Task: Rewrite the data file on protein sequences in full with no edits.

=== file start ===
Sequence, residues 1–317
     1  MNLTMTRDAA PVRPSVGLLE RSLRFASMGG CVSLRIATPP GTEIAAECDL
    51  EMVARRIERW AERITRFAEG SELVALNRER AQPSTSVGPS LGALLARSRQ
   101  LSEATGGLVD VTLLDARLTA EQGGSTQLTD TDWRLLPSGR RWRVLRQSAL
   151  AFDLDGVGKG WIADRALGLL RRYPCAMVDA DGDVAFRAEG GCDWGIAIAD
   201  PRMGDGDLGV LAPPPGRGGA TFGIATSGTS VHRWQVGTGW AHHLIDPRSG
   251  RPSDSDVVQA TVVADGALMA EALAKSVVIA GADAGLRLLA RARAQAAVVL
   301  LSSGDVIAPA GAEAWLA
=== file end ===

Sequence, residues 1–317
     1  MNLTMTRDAA PVRPSVGLLE RSLRFASMGG CVSLRIATPP GTEIAAECDL
    51  EMVARRIERW AERITRFAEG SELVALNRER AQPSTSVGPS LGALLARSRQ
   101  LSEATGGLVD VTLLDARLTA EQGGSTQLTD TDWRLLPSGR RWRVLRQSAL
   151  AFDLDGVGKG WIADRALGLL RRYPCAMVDA DGDVAFRAEG GCDWGIAIAD
   201  PRMGDGDLGV LAPPPGRGGA TFGIATSGTS VHRWQVGTGW AHHLIDPRSG
   251  RPSDSDVVQA TVVADGALMA EALAKSVVIA GADAGLRLLA RARAQAAVVL
   301  LSSGDVIAPA GAEAWLA